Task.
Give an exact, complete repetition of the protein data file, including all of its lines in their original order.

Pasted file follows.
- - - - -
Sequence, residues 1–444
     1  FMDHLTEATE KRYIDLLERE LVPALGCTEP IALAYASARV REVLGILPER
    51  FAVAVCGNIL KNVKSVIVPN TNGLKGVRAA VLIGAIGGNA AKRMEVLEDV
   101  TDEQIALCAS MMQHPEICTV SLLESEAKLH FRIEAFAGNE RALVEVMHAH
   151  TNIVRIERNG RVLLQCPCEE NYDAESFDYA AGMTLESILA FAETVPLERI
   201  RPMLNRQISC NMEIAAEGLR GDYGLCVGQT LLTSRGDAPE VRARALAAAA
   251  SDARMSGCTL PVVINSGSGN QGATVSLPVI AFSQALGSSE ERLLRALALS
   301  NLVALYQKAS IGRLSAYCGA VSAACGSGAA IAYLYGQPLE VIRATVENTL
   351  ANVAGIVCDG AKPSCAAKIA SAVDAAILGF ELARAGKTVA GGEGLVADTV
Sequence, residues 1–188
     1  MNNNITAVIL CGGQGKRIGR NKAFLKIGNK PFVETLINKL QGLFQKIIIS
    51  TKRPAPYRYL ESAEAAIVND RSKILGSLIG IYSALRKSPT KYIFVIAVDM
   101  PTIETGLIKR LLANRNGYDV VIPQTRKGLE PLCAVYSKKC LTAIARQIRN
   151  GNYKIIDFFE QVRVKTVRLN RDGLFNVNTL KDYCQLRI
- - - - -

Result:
Sequence, residues 1–444
     1  FMDHLTEATE KRYIDLLERE LVPALGCTEP IALAYASARV REVLGILPER
    51  FAVAVCGNIL KNVKSVIVPN TNGLKGVRAA VLIGAIGGNA AKRMEVLEDV
   101  TDEQIALCAS MMQHPEICTV SLLESEAKLH FRIEAFAGNE RALVEVMHAH
   151  TNIVRIERNG RVLLQCPCEE NYDAESFDYA AGMTLESILA FAETVPLERI
   201  RPMLNRQISC NMEIAAEGLR GDYGLCVGQT LLTSRGDAPE VRARALAAAA
   251  SDARMSGCTL PVVINSGSGN QGATVSLPVI AFSQALGSSE ERLLRALALS
   301  NLVALYQKAS IGRLSAYCGA VSAACGSGAA IAYLYGQPLE VIRATVENTL
   351  ANVAGIVCDG AKPSCAAKIA SAVDAAILGF ELARAGKTVA GGEGLVADTV
Sequence, residues 1–188
     1  MNNNITAVIL CGGQGKRIGR NKAFLKIGNK PFVETLINKL QGLFQKIIIS
    51  TKRPAPYRYL ESAEAAIVND RSKILGSLIG IYSALRKSPT KYIFVIAVDM
   101  PTIETGLIKR LLANRNGYDV VIPQTRKGLE PLCAVYSKKC LTAIARQIRN
   151  GNYKIIDFFE QVRVKTVRLN RDGLFNVNTL KDYCQLRI